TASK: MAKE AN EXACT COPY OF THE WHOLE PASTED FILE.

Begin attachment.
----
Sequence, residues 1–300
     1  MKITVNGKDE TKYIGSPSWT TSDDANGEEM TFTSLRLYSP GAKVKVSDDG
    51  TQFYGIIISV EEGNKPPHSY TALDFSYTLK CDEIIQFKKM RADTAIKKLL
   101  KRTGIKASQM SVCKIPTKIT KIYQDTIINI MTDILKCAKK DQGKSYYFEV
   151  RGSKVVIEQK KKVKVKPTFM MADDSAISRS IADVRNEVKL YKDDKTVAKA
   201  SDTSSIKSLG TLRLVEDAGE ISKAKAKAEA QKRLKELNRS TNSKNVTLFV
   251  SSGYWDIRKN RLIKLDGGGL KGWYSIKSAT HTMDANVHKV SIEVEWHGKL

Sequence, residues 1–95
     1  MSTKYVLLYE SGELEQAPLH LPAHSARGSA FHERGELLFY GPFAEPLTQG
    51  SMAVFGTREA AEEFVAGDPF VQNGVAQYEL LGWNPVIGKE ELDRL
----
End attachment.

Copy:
Sequence, residues 1–300
     1  MKITVNGKDE TKYIGSPSWT TSDDANGEEM TFTSLRLYSP GAKVKVSDDG
    51  TQFYGIIISV EEGNKPPHSY TALDFSYTLK CDEIIQFKKM RADTAIKKLL
   101  KRTGIKASQM SVCKIPTKIT KIYQDTIINI MTDILKCAKK DQGKSYYFEV
   151  RGSKVVIEQK KKVKVKPTFM MADDSAISRS IADVRNEVKL YKDDKTVAKA
   201  SDTSSIKSLG TLRLVEDAGE ISKAKAKAEA QKRLKELNRS TNSKNVTLFV
   251  SSGYWDIRKN RLIKLDGGGL KGWYSIKSAT HTMDANVHKV SIEVEWHGKL

Sequence, residues 1–95
     1  MSTKYVLLYE SGELEQAPLH LPAHSARGSA FHERGELLFY GPFAEPLTQG
    51  SMAVFGTREA AEEFVAGDPF VQNGVAQYEL LGWNPVIGKE ELDRL